acking up has (naturally) been time-consuming and occasionally odious. But for someone like me, who can get lost in the rediscovery of old letters, knick-knacks, book marginalia and such, it's actually been something close to a triumph of efficiency. Not getting all that distracted, after all. The only downside is that I'm not getting the time that I hoped for to perhaps look around New Orleans a little more before I head up to Chicagoland.
But I have made time to hang out with some people before leaving. After seeing Alex and Anil in the earlier part of last week, I closed out the week by taking some time to talk with Bob and Chelsey on Thursday and Friday evenings. Bob and I played tag for a bit because of my packing schedule, but he grabbed me while I was on campus Thursday working in my office and surprised me with dinner at a place I'd not heard of before: Nonna Mia's Cafe and Pizzeria
, out near city central on Esplanade. He also gave me a going-away present of a number of albums by The Band. I've heard their music here and there through the years, of course, and some of the Freeks were fans, and so I remember some of that stuff being played on people's stereo systems at Notre Dame, or even covered occasionally, but I've never listened to it in a serious way. So that's on the iPhone now as part of the soundtrack of the train trip north and of the summer. He proceeded to give me a learned lecture on the material while we drove up Carrolton to the restaurant, with asides for highlighting personal favourites.
We got a great table on the front porch and started studying the menu. He was pleased to take advantage of their having Peroni, an Italian beer, on tap (his enthusiasm leaving me bummed once again about being such a bad Irishman that I have no taste for beer), and I found a glass of Zonin, a Montepulciano that I hadn't tried, that I found enjoyable enough. It took us a little bit of time to decide what to have because the options sounded so good. Bob eventually went with their Lobster Ravioli, served in a vodka cream sauce, which I had a taste of and which was scrumptious beyond reason (making me somewhat regret having anything else). But I went with one of their dinner specials for the night: the most fabulous seared salmon with capers, asparagus, and a zucchini and squash medley. It equaled the other dish and left me interrupting the conversation throughout to wax rhapsodic on the radiant joy of food!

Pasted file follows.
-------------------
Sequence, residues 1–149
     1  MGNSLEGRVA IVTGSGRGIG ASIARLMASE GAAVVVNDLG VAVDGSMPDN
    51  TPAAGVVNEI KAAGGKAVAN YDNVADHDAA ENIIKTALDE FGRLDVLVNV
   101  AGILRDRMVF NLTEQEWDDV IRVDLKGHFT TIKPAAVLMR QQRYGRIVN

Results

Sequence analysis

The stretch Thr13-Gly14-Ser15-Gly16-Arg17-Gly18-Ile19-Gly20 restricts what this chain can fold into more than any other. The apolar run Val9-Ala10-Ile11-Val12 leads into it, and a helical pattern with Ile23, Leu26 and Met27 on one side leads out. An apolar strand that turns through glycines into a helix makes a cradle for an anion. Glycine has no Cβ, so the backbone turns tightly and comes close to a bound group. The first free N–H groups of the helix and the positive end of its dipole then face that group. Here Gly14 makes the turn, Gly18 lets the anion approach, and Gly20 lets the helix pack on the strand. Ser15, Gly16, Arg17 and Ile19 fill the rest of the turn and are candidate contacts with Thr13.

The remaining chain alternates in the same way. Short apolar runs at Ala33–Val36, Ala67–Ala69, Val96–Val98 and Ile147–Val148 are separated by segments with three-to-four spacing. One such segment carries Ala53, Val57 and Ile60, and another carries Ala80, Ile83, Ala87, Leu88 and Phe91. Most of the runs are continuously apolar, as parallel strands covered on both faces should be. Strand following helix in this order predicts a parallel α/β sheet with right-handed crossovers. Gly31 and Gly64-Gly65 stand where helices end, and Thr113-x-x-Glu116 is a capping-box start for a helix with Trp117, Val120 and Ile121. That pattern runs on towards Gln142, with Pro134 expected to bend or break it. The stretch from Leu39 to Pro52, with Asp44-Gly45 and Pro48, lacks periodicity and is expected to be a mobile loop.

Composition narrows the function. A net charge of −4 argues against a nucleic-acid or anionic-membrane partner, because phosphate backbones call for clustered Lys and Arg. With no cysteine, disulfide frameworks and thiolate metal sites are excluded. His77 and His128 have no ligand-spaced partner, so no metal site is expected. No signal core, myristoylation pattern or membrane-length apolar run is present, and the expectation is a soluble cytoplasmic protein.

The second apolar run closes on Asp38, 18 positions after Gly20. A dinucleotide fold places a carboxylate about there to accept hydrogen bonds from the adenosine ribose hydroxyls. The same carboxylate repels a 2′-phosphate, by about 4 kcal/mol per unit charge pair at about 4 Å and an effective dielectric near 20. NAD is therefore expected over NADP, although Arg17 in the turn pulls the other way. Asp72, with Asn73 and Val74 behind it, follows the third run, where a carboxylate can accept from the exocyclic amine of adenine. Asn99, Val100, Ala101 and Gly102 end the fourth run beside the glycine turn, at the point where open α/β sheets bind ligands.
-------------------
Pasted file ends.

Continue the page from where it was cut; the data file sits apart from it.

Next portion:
So we talked about wine, women, and song – all manner of good things. He told me some more about growing up in Louisiana, about his family and the circle of friends he's cultivated down here. I couldn't help but admire his taste in knowing what the basic Good Stuff of life seemed to be. We compared travel notes, and he told me about high school adventures and misadventures in Rome when he took an overseas trip his senior year, and we talked about the attractions of Italy as we drank some more of what Italy had to offer.
The next night, I had made plans to catch up with Chelsey. Her sports internship kept her working well into the night, and so it was after eleven when we finally met at The Columns Hotel
for drinks. There was a pretty huge crowd there, and I realized that I had tended to avoid it on Friday and Saturday nights exactly for that reason, and so I was pleased to have it thin out while we talked. And talked we did. We ended up closing the place down and then some: after originally finding space to sit and talk in the brunch room, and then later in the front room when the crowd had thinned out, we then moved out to the porch as the staff was preparing to shut things up at 2am, having our drinks switched to plastic glasses, and being told that we were welcome to sit on the veranda as long as we desired. We only sort of noticed in passing the other stragglers heading off as we continued to chatter, finally getting up to leave at 4am, after having had the space to ourselves for at least an hour.
There was more background talk than we'd ever had before, telling stories of family and where we had come from than we had known of one another, and I heard a lot more about growing up in the New Orleans area and some of its peculiar cultural tendencies than I had perhaps heard from other students. Unlike a lot of New Orleans natives that I had met, Chelsey wasn't utterly married to the idea of remaining in the area, whereas so many others are so taken with the city and its culture that they cannot imagine living anywhere else. (As devoted as New Yorkers, I've said, but not so arrogant about their place being the only
place to live.) As far along as she was with her work in sports promotion, she had a number of other sites where she would be interested in working once her current internship was over. And so there was a certain amount of conversation about living in different places and the changes that come with different job prospects. There were only touches of "shop" talk having to do with the coursework we did together, most recently being my Modern Christian Thought class, other than her laughing about her mother noticing that since graduation she's been reading a lot more freely in the ethics direction, and so we talked a little about the temptation that some further graduate work has for her in wooing her away from the kind of business work she's been preparing for for so long.